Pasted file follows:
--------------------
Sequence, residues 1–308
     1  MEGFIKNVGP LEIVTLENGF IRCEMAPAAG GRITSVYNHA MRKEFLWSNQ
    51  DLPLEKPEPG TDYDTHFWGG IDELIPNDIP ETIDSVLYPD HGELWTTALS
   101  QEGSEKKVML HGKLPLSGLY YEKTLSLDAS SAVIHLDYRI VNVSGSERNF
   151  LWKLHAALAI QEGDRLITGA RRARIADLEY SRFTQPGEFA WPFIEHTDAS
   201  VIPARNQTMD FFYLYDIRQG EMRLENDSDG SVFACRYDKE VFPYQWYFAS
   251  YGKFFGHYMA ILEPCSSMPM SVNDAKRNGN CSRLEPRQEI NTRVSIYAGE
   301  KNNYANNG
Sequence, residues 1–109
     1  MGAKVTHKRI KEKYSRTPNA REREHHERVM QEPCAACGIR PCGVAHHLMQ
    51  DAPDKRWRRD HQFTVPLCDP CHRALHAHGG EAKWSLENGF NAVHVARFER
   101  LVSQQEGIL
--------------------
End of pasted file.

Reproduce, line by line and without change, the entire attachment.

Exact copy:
Sequence, residues 1–308
     1  MEGFIKNVGP LEIVTLENGF IRCEMAPAAG GRITSVYNHA MRKEFLWSNQ
    51  DLPLEKPEPG TDYDTHFWGG IDELIPNDIP ETIDSVLYPD HGELWTTALS
   101  QEGSEKKVML HGKLPLSGLY YEKTLSLDAS SAVIHLDYRI VNVSGSERNF
   151  LWKLHAALAI QEGDRLITGA RRARIADLEY SRFTQPGEFA WPFIEHTDAS
   201  VIPARNQTMD FFYLYDIRQG EMRLENDSDG SVFACRYDKE VFPYQWYFAS
   251  YGKFFGHYMA ILEPCSSMPM SVNDAKRNGN CSRLEPRQEI NTRVSIYAGE
   301  KNNYANNG
Sequence, residues 1–109
     1  MGAKVTHKRI KEKYSRTPNA REREHHERVM QEPCAACGIR PCGVAHHLMQ
    51  DAPDKRWRRD HQFTVPLCDP CHRALHAHGG EAKWSLENGF NAVHVARFER
   101  LVSQQEGIL